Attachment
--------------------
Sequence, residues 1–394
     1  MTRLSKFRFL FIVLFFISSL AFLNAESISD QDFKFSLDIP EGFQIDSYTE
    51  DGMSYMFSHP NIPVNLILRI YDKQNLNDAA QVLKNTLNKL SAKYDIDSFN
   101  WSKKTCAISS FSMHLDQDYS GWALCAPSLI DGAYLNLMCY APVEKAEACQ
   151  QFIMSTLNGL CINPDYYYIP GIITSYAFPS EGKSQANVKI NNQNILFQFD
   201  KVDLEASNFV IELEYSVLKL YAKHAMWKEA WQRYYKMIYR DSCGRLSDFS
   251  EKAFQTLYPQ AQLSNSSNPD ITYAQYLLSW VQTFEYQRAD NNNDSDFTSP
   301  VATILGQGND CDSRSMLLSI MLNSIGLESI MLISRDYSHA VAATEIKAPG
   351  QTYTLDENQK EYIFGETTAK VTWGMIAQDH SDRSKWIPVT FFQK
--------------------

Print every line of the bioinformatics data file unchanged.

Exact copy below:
Sequence, residues 1–394
     1  MTRLSKFRFL FIVLFFISSL AFLNAESISD QDFKFSLDIP EGFQIDSYTE
    51  DGMSYMFSHP NIPVNLILRI YDKQNLNDAA QVLKNTLNKL SAKYDIDSFN
   101  WSKKTCAISS FSMHLDQDYS GWALCAPSLI DGAYLNLMCY APVEKAEACQ
   151  QFIMSTLNGL CINPDYYYIP GIITSYAFPS EGKSQANVKI NNQNILFQFD
   201  KVDLEASNFV IELEYSVLKL YAKHAMWKEA WQRYYKMIYR DSCGRLSDFS
   251  EKAFQTLYPQ AQLSNSSNPD ITYAQYLLSW VQTFEYQRAD NNNDSDFTSP
   301  VATILGQGND CDSRSMLLSI MLNSIGLESI MLISRDYSHA VAATEIKAPG
   351  QTYTLDENQK EYIFGETTAK VTWGMIAQDH SDRSKWIPVT FFQK